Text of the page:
The problem you face is that you're telling this story in the same words you would were you with the reader—explaining the events and characters. But our medium won't support that.

In person, your voice would be filled with emotion. You would vary intensity, cadence, and more, using all the tricks of verbal storytelling to add emotion. And that, in addition to providing that emotion, clarifies word meaning. When you say, "At least that’s what Richard thought." you mean it as in his holding that view. But it could also mean he had those words as a thought in the moment he calls "now." Without hearing your tone it's harder to tell which one was your intended meaning. But because our medium doesn't reproduce sound, the reader gets only what a test to speech program would provide. Have your computer read the piece aloud and you'll hear what I mean.

Making matters worse, the reader can't see your performance, either. So there are no facial expressions, hand gestures, body language, or eye movements, either.

Because our medium is so different from others, the methods we use in telling a story are, and must be, very different from the nonfiction skills we learned in our school days.

In fiction for the page we don't talk ABOUT the story, we present it, moment-by-moment, in the viewpoint of the protagonist not the narrator. The goal isn't to make readrs know the events, it's to make them live them, as an emotional, not an informative experience. Were this a horror story, for example, the reader doesn't want to be told that the protagonist is afraid, They want you to make THEM afraid to turn out the lights. And that takes a very different approach, one that wasn't even mentioned in our school days—one we must learn and perfect. For an overview of the issues involved, you might want to dig around in the articles in my writing blog. And to acquire the specialized knowledge of our profession, visit the fiction writing section of the local library. Look for the names, Dwight Swain, Jack Bickham, or Debra Dixon. They're gold.

Hang in there, and keep on writing,

Jay Greenstein
https://jaygreenstein.wordpress.com/category/the-craft-of-writing/



Posted 6 Days Ago


1 of 1 people found this review constructive.

JayG

2 Days Ago

• However I don't think there is a set way to write.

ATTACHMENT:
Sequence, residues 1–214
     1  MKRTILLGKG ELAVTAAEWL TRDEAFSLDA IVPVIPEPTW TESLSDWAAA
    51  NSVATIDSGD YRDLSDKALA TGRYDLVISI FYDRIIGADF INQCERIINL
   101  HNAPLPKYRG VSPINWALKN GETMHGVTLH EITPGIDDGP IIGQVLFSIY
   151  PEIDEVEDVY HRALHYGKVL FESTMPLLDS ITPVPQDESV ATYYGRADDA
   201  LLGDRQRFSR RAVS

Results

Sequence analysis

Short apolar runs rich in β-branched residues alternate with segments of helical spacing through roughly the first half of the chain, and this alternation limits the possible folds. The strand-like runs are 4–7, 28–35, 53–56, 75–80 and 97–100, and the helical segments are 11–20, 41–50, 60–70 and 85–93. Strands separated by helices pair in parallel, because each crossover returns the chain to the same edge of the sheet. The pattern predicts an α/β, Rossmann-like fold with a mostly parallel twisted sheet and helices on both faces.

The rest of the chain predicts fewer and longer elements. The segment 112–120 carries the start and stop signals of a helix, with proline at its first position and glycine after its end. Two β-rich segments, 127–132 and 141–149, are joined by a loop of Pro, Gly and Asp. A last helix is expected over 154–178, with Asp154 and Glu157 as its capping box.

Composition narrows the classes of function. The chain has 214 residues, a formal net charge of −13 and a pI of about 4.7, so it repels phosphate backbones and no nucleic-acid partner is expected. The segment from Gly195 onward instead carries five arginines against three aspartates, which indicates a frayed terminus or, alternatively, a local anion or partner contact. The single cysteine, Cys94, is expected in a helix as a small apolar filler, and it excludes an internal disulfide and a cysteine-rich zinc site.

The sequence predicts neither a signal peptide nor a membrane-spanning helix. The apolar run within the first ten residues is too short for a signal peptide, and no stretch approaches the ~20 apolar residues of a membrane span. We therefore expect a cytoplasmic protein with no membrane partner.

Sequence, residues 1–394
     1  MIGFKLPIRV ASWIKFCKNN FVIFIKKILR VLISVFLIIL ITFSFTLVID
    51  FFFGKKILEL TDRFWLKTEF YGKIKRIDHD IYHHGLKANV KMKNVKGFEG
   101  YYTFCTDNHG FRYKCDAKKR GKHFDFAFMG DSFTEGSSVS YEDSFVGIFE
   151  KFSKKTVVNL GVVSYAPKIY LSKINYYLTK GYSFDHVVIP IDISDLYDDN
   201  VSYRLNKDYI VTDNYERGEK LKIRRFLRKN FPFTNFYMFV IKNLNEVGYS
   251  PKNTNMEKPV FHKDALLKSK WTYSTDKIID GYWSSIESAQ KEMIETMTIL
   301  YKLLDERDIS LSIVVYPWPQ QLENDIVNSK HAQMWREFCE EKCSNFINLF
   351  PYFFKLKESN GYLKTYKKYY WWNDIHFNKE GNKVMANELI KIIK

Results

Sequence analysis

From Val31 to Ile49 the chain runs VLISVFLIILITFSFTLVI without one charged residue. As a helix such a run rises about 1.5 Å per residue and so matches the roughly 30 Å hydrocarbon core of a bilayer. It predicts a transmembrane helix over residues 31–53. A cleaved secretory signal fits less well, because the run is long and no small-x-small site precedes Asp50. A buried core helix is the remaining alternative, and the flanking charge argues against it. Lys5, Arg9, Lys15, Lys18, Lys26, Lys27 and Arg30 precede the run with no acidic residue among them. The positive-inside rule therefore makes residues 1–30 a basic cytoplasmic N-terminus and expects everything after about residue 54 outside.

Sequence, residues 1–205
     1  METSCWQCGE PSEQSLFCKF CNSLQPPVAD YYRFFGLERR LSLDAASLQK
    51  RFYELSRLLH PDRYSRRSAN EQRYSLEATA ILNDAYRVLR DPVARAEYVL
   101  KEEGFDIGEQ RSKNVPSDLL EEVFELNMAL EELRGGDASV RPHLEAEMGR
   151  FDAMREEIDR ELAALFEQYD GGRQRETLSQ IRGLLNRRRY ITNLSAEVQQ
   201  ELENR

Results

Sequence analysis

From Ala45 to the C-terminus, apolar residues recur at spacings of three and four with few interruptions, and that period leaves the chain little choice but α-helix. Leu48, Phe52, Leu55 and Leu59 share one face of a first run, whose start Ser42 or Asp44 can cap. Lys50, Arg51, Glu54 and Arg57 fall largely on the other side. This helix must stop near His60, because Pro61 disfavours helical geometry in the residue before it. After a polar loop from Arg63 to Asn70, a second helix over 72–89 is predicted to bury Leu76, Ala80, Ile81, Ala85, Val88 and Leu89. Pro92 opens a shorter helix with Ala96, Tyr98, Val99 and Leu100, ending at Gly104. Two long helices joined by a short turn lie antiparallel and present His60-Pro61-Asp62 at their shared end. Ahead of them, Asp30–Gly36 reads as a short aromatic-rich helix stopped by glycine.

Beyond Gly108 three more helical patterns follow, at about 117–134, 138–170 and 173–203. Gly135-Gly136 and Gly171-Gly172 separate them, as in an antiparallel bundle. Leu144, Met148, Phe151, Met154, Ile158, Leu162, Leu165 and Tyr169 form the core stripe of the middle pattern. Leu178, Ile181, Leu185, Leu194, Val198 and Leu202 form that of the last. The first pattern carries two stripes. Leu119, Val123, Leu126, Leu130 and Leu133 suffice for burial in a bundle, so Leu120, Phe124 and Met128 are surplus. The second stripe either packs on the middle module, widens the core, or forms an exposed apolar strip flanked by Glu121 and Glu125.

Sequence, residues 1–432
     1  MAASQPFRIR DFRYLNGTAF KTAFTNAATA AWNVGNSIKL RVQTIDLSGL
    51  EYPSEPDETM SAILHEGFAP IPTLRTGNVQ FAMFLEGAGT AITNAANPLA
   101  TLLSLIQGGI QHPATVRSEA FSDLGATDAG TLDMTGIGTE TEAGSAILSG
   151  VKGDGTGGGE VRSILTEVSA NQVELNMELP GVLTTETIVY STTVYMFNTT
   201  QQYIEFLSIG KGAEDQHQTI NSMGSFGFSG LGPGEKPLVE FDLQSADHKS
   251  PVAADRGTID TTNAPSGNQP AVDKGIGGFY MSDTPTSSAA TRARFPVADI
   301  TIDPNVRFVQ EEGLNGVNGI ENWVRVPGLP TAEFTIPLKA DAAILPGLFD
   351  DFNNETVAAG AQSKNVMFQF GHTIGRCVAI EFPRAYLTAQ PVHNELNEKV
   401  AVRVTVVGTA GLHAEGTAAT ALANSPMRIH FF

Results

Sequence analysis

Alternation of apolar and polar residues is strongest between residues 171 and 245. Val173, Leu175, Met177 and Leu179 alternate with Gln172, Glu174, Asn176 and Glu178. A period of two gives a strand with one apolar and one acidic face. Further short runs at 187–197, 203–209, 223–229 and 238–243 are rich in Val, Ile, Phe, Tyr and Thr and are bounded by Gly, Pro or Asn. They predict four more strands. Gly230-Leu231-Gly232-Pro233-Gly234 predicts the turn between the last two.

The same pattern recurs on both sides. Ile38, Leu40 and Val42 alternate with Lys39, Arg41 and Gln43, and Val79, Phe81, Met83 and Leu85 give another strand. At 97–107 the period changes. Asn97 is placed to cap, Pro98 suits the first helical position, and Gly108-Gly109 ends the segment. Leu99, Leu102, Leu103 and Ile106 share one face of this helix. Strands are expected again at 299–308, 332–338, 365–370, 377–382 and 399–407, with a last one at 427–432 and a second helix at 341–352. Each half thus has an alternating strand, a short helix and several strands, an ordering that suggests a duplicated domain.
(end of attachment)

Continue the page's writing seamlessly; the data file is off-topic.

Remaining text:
The thing about belief is tha.. read more
This comment has been deleted by the poster.
Xuru

2 Days Ago

Writing is more therapeutic for me than anything else.

That being said, I wouldn't c.. read more
[send message][befriend] Subscribe
j
kk I'll be nice. The title drew me~who hasn't rolled their eyes at such a blight on coolness. Puleeze . . .

Aging is not for the weak and your expose highlights the tragedy of failing bodies in stark contrast to the brain's insistence that indeed, we ARE still 20 years old. [umm no thank you] Your writing has such natural movement that it's easy to become involved and believe the character's denial of and struggle with growing old, fear of becoming irrelevant, hating the reflection in the mirror, losing the battle of time ... facing our own mortality. Evocative story, enjoyed it!




Posted 1 Week Ago


Xuru

6 Days Ago

Oh I see, so you wanted to be mean lol.
Great job well done! Age, it truly is what you make it. Settle down and be content? Or raise some Hell and represent!

You can live in the future, enjoy the present, and smile at the past. All while massaging your knees. I enjoyed your story. Thanks for sharing.

Posted 1 Week Ago


Xuru

1 Week Ago

Appreciate it : )
Loved the descriptive nature of this. I am in love with the first person writing. I can write an essay style and it feels real to people. That is how it felt to me. Great job!

Posted 1 Week Ago


Xuru

1 Week Ago

Thanks Kessel!
I really enjoyed reading this . Its a beautiful story. Your descriptions were excellent. I am looking forward to reading more from you.

Posted 1 Week Ago


Xuru

1 Week Ago

Thank you! Will keep them coming.
Interesting and great read. I interpreted it as a man reminiscing about his younger days and having a desire to relive them again. I liked the vocabulary usage you used. Smooth flow! Keep up the excellent work.

Posted 1 Week Ago


Xuru

1 Week Ago

Thank you Emily, glad you liked it.

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384 Views
14 Reviews
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Shelved in 2 Libraries
Added on October 9, 2017
Last Updated on October 9, 2017
Tags: Short, story, writing, sex, life, cafe, writer, travel, death, dark, ghosts, crime, Birkenstocks

Author

Xuru
Xuru

Canada